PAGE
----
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Perdue: Trump administration would defend CCC

-The Hagstrom Report
Agriculture Secretary Sonny Perdue speaks to the National Farmers Union this morning at the group’s annual convention in Savannah, Ga.
Photo by Jerry Hagstrom/The Hagstrom Report

SAVANNAH, Ga. — The Trump administration would defend the Commodity Credit Corporation if there are attempts to abolish it over the administration’s use of it to provide trade aid to farmers, Agriculture Secretary Sonny Perdue said here today at a news conference following a speech to the National Farmers Union convention.

Retiring National Farmers Union President Roger Johnson said Sunday evening in a speech to the convention that he fears conservative and leftist critics of farm bills will work together in the next farm bill debate to end the Commodity Credit Corporation because the Trump administration has used it in an unprecedented way to provide aid to farmers following a decline in exports.

House Agriculture Committee Chairman Collin Peterson, D-Minn., has expressed the same fear.

Asked by The Hagstrom Report about Johnson’s fears, Perdue said, “I hope that is not the case,” adding that the administration used CCC funds for valid reasons and can defend its use.

“We are hopeful that would not lead to that,” Perdue said. “We will be willing to defend that.”

The Trump administration has provided $28 billion in trade aid over two years, and Trump tweeted last week that the administration would provide another round of aid if necessary this year.

But Perdue said farmers should not expect more trade aid this year, and said he expects China to live up to its commitment to buy more U.S. farm products. He acknowledged, however, that the coronavirus crisis could interfere with China’s purchases.

If exports increase but farm prices don’t rise, the Trump administration will not provide more trade aid in the form of Market Facilitation Program payments because the MFP was not set up for the purpose of shoring up prices, Perdue said.

But Perdue also said Trump “is committed to make sure farmers get through this period of time. If that trade doesn’t materialize, I am going to get another phone call and we are going to be ready.”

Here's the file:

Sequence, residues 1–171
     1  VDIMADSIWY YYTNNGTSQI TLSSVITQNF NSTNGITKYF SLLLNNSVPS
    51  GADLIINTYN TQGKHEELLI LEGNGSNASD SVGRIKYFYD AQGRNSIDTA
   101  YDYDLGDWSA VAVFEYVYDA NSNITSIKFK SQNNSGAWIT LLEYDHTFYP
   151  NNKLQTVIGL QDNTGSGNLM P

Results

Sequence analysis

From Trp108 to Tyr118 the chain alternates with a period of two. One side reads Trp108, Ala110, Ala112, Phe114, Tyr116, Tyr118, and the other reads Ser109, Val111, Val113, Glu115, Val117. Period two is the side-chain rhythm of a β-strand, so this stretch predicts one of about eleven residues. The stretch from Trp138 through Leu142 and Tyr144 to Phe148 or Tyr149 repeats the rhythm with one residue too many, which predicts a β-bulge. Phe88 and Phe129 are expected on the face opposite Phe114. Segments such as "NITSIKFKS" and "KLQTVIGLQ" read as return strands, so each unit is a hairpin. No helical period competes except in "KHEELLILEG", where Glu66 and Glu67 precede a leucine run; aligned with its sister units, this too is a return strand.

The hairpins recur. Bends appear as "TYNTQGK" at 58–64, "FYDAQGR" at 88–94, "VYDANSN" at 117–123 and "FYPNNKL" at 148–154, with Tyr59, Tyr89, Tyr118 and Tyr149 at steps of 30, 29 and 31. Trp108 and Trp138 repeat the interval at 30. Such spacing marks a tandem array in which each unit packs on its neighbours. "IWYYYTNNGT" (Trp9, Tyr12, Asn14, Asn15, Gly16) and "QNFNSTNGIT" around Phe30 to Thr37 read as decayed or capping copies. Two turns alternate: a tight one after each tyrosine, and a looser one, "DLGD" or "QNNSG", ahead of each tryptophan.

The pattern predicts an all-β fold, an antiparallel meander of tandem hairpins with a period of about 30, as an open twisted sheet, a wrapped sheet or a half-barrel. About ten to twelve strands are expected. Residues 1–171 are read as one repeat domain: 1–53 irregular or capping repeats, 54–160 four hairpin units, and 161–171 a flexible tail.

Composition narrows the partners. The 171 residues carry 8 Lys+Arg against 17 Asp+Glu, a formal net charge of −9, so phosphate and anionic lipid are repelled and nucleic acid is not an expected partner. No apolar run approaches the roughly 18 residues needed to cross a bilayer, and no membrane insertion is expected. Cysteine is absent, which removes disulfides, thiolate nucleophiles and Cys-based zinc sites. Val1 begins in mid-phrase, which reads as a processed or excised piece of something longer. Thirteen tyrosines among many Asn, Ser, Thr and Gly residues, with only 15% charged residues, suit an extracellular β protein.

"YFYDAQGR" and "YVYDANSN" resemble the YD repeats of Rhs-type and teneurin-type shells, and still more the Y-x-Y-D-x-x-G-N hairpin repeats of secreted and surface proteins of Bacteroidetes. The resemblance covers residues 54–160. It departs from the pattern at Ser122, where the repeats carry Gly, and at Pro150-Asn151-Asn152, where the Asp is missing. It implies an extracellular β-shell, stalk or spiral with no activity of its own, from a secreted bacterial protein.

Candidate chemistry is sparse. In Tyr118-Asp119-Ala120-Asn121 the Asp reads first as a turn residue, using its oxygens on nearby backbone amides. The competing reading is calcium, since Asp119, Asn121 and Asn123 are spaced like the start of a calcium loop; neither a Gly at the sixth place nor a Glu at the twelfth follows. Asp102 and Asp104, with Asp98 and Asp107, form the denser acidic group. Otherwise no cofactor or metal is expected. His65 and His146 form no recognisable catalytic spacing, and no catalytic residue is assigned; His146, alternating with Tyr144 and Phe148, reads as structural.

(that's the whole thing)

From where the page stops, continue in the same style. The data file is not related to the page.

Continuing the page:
But Perdue emphasized “I want trade, not aid,” a line that earned him a round of applause.

He also noted that farm income increased in 2019 but acknowledged it “doesn’t feel good” because the increase came in the form of government payments, not increased sales.

Perdue also repeated points he made last week at the Commodity Classic. He said that the American public should realize that the productivity of American farmers means that the average family’s spending on food is a smaller percentage of income than it is in other developed countries.

A USDA analysis showed that Americans spend 5% of their income on food while the French spend 13%, he said. That difference multiplied by the number of people who live in the United States amounts to an additional $830 billion per year in additional purchasing power, Perdue said.

Asked by a journalist about reports that the Economic Research Service is severely understaffed since the Trump administration moved most of its job slots to Kansas City, Perdue said “We are aggressively pursuing staff” and that the office space there is “wonderful.”

Perdue said he has met several new economists, and that one told him he is a recent Ph.D. earner with three children, and could not have afforded a move to Washington.

But Perdue added “With the current economy it is tough to recruit people to the federal government.”

Perdue also said he expects an announcement from the Environmental Protection Agency soon on the small refinery waivers from the Renewable Fuel Standard.

Perdue said it would not be wise for the Trump administration to appeal a recent court decision that EPA had not followed the law and awarded too many waivers. The court decision was “very strong,” but EPA and the White House want to take another look before releasing a policy. The new policy should be nationwide, Perdue added.

Perdue also said in his speech he had come to the convention to honor Johnson upon his retirement, even though he and the Democratic-leaning National Farmers Union have not always agreed on policy.

Perdue said Johnson is “polite,” but that “he can sure write a mean letter sometimes.”


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